Munson Medical Center in Traverse City hopes to get city approval for a tall building before voters decide Proposal 3 Tuesday. Prop 3 would subject any building over 60 feet tall to a public vote.
Munson’s plans have become an issue in the public debate over Prop 3. Opponents of the proposal have pointed out that the proposal, which started with a dispute over a tall building in the downtown area, could impact the ability of the region’s medical center to develop.
At Interlochen Public Radio’s debate on the proposal last week, restaurateur Paul Danielson brought the issue up in his opening remarks.
“Munson is working really hard right now, trying to push through a 10-story pediatric and natal unit,” he said. “And they’re trying really hard to get it done by the city commission meeting on November 7th, the night before the ballot. Because if it doesn’t pass by then - and [Prop 3] passes - it’s going to be in limbo for a long time.”
Munson Vice-President Steve Tongue told the Traverse City Record-Eagle the hospital’s goal was to get a land use permit before the election. Munson officials declined to comment when reached by IPR.
So far, their proposal for a 110-foot tall building has met with little resistance and the city commission will vote on Munson’s permit Monday night, the eve of the election.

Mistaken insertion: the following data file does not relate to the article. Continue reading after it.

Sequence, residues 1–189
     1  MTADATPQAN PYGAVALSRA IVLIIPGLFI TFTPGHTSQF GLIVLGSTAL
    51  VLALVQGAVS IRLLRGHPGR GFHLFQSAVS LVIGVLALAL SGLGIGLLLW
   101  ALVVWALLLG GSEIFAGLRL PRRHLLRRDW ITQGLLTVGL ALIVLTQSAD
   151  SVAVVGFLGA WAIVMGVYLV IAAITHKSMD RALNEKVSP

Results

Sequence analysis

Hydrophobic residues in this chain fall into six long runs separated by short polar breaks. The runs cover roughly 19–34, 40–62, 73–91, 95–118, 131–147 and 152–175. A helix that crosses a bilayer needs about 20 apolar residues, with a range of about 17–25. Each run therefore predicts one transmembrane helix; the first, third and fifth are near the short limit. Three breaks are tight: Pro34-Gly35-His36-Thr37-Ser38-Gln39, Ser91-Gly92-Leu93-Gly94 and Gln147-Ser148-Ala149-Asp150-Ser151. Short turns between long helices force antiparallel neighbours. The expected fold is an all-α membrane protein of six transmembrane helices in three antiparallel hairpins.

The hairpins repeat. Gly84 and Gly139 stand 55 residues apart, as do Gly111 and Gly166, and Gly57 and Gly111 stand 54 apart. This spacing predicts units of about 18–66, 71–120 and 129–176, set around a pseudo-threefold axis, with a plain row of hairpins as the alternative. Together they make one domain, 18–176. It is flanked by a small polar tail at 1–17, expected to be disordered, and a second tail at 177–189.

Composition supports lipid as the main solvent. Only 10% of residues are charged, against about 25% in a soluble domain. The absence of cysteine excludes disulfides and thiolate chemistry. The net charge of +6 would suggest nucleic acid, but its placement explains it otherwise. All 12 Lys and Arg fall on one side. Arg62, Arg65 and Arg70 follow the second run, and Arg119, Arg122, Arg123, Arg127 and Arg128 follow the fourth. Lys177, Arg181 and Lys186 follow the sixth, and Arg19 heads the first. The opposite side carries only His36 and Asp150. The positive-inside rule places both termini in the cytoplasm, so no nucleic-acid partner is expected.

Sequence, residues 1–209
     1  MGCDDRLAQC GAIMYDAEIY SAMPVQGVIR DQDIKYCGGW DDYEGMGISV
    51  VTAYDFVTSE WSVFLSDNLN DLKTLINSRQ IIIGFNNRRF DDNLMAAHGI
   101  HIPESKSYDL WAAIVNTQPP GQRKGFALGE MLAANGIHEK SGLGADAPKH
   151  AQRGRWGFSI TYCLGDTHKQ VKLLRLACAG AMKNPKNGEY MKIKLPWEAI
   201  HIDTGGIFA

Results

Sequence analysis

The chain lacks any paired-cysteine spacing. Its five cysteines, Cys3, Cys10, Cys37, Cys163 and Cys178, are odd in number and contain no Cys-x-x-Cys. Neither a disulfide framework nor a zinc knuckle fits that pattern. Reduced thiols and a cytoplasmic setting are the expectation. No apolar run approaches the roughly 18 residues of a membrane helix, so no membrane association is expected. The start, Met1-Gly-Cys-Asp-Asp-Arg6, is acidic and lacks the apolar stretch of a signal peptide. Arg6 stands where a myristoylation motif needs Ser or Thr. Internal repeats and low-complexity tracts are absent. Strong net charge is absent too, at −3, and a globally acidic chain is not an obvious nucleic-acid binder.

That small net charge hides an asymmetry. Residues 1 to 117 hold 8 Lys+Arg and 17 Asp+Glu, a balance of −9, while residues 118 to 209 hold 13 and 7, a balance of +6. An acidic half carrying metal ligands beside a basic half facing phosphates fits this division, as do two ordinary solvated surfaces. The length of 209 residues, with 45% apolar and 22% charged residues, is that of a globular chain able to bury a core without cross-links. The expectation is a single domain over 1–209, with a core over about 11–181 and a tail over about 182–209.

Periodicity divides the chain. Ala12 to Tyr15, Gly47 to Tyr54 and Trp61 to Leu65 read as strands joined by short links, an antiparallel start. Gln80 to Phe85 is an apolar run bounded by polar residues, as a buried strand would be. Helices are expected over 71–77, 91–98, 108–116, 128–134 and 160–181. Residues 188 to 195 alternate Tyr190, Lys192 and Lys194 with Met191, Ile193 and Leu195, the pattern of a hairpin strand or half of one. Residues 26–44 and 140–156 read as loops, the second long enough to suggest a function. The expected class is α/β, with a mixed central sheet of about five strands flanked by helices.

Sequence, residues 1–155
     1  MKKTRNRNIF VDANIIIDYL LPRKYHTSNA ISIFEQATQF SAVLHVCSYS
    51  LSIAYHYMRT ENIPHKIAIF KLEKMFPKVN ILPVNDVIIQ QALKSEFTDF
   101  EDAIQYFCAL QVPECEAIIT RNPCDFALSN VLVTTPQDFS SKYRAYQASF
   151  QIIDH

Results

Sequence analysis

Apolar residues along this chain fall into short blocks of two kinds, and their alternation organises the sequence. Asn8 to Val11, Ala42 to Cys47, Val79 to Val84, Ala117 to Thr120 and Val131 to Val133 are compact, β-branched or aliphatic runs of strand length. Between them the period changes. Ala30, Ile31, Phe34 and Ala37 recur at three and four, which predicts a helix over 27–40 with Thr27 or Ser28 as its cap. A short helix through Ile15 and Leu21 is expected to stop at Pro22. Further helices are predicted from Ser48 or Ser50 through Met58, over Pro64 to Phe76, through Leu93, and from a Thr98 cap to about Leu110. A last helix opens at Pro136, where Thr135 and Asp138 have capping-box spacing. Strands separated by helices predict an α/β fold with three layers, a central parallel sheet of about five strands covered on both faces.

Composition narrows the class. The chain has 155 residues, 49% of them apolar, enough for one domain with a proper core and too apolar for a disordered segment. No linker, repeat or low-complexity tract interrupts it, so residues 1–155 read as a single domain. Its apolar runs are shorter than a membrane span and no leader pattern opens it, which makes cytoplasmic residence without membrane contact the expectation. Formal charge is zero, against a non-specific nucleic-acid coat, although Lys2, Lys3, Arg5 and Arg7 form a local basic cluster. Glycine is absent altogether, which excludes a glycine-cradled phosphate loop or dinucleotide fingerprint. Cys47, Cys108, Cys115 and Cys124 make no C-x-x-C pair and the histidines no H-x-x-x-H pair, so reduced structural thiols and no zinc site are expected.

But one city official thinks it won’t matter much. Traverse City Planner Russ Soyring says that, even if the special land use permit is approved Monday – which he thinks it will be – Prop 3 would still apply to Munson.
“There are still many other permits that would have to be applied for,” says Soyring. “The city would have to approve… a right-of-way permit and eventually, a building permit. And so, to me, that means the city would still have to approve the project.”
The exact wording of Prop 3 says any building over 60 feet – quote – “shall not be approved by the City or City Commission” until a public vote.
Brenda Quick, spokeswoman for the Save Our Downtown campaign committee, disagrees with Soyring’s interpretation. Quick says the land use permit, which will be decided Monday, is the only approval that has to do with building height.
“If they get it before the election, they’d have an argument that that issue has already been resolved,” says Quick.
The city commission meets Monday night at 7 p.m.